Holiday happiness wears offBy Czerne M. Reid • Published: March 15th, 2011
Category: Health in a Heartbeat
The pursuit of happiness is one of the “unalienable rights” of mankind, according to the United States Declaration of Independence. Some people look for happiness by vacationing at different locales around the globe. For those who are overworked, a holiday trip can feel like a good dose of medicine. And for those seeking inspiration, travels to places unfamiliar can reward with new insights on life.
Many people who go off on vacation come back excited and happy. But the feelings of happiness from their trips might not last long. In a new study published in the Journal of Happiness Studies, people who went away for vacation were only slightly happier than others who did not take trips — and that happiness was mostly shortlived.
The amount of time people spent on vacation did not affect happiness levels, and neither did the number of trips taken, in the study of almost 4,000 Dutch citizens. Furthermore, happier people did not take more holiday trips, the study found.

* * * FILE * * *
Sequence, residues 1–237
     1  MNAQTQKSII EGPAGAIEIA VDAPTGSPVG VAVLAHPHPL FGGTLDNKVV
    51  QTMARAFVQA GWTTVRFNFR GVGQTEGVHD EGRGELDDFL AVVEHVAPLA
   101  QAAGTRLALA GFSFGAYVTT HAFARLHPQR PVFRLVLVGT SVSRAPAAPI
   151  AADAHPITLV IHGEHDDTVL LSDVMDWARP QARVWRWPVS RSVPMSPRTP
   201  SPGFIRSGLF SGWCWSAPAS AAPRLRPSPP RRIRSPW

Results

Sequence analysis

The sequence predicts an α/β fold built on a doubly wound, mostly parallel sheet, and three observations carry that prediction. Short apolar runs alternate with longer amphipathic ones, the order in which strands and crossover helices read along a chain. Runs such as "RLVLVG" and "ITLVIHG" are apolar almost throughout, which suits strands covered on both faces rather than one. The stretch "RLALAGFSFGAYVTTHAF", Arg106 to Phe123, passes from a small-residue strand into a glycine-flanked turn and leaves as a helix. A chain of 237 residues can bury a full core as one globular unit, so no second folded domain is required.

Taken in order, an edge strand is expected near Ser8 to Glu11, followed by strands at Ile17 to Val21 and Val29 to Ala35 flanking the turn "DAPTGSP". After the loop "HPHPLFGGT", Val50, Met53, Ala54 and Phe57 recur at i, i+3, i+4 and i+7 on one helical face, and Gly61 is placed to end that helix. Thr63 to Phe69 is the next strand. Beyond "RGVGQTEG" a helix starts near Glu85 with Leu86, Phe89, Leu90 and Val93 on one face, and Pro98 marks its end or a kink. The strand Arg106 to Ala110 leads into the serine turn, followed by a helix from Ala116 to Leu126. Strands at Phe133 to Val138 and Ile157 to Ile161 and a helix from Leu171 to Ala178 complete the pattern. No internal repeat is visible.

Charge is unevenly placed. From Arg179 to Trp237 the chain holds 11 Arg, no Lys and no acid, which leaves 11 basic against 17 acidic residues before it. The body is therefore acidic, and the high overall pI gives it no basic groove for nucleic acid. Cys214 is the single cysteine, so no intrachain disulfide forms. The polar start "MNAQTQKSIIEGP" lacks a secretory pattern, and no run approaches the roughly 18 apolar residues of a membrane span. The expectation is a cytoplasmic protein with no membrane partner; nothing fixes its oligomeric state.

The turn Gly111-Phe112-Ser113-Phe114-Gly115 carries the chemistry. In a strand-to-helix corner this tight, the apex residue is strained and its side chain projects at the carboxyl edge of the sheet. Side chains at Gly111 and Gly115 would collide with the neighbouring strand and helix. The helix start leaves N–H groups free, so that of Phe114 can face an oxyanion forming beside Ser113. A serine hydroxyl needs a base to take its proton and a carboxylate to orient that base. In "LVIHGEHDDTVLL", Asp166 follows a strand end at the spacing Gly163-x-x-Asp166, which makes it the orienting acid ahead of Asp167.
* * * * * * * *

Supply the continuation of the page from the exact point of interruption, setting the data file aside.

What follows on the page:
Holiday-induced happiness can come from a combination of things, including the anticipation of the trip, experiencing the vacation activities, and the afterglow — reminiscing positively about it all once you get back to the “real world.” And since vacations are often shared with family and friends, the bonding experience can contribute to feelings of happiness.
Good thing we have photos to remind us of our happy hours and days of vacation, whether we spent it on a spring break or summer getaway, or a winter retreat.
Never mind that the trip won’t make you happy year-round. Go ahead, keep those photos of your last vacation or that poster of the place you want to visit next at your desk — there are new memories to be made and more happiness to pursue.